Follow Us

National Archives releases records on JFK assassination

Kennedy died in Dallas, Texas, on November 22, 1963, after former U.S. Marine Lee Harvey Oswald fired a rifle from the sixth floor of the Texas School Book Depository while Kennedy was riding in an open-top convertible during a parade.

Published: December 15, 2022 3:34pm

Updated: December 15, 2022 4:01pm

The National Archives on Thursday released thousands of documents on the 1963 assassination of President John F. Kennedy following an order from President Joe Biden.

Congress passed a measure in 1992 to require the release of all government records on the event by October of 2017, though both Presidents Donald Trump and Joe Biden extended that timeline, according to The Hill. Thousands of documents, however, were granted exceptions on the grounds they contained information that would compromise security upon release.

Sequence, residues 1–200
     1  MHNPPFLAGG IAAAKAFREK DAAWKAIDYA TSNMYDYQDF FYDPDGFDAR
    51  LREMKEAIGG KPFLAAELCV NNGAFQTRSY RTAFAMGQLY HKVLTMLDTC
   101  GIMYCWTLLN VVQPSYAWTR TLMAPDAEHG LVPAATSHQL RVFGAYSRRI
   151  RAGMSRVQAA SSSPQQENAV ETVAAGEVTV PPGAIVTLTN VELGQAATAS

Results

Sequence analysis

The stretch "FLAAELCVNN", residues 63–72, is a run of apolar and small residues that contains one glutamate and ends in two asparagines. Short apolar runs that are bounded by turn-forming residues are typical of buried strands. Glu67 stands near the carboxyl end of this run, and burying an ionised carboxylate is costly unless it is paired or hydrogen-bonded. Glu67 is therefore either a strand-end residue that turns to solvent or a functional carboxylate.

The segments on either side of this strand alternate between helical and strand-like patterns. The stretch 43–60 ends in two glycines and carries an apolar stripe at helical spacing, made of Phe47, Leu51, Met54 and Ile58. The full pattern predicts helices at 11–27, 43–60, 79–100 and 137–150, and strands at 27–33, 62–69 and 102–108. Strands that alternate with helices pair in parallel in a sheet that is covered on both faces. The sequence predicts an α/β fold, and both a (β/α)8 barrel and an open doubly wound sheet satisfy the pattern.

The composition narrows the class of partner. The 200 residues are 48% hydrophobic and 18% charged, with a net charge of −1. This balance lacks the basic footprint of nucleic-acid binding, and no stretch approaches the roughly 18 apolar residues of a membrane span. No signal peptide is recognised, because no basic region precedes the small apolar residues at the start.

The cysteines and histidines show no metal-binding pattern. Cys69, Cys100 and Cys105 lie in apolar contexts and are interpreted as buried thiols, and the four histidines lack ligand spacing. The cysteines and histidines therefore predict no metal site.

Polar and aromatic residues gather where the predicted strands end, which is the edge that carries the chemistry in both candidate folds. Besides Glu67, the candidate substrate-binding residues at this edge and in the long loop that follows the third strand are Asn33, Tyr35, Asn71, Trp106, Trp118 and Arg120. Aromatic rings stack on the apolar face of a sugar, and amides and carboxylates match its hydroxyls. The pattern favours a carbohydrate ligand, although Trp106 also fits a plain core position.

In his Thursday order, Biden acknowledged that roughly 16,000 documents remained redacted but that he would authorize the release of 12,879 of them. He further set a May 1, 2023 deadline for either federal agencies or the National Archives to make recommendations on keeping them from the public.

Kennedy died in Dallas, Texas, on November 22, 1963, after former U.S. Marine Lee Harvey Oswald fired a rifle from the sixth floor of the Texas School Book Depository while Kennedy was riding in an open-top convertible during a parade.

Oswald later killed police officer J.D. Tippit while attempting to evade capture. He was arrested and charged with Kennedy's death, but denied responsibility. Nightclub owner Jack Ruby killed him two days later and was then arrested and convicted of the murder.

Numerous conspiracy theories persist surrounding the actions of both men, with some pointing to Ruby's alleged connections to organized crime and alleging a greater conspiracy to assassinate Kennedy. Many such theories have permeated popular culture and earned references in mainstream titles such as the sitcom Seinfeld and the video game Call of Duty: Black Ops.

The Facts Inside Our Reporter's Notebook

Links

Just the News Spotlight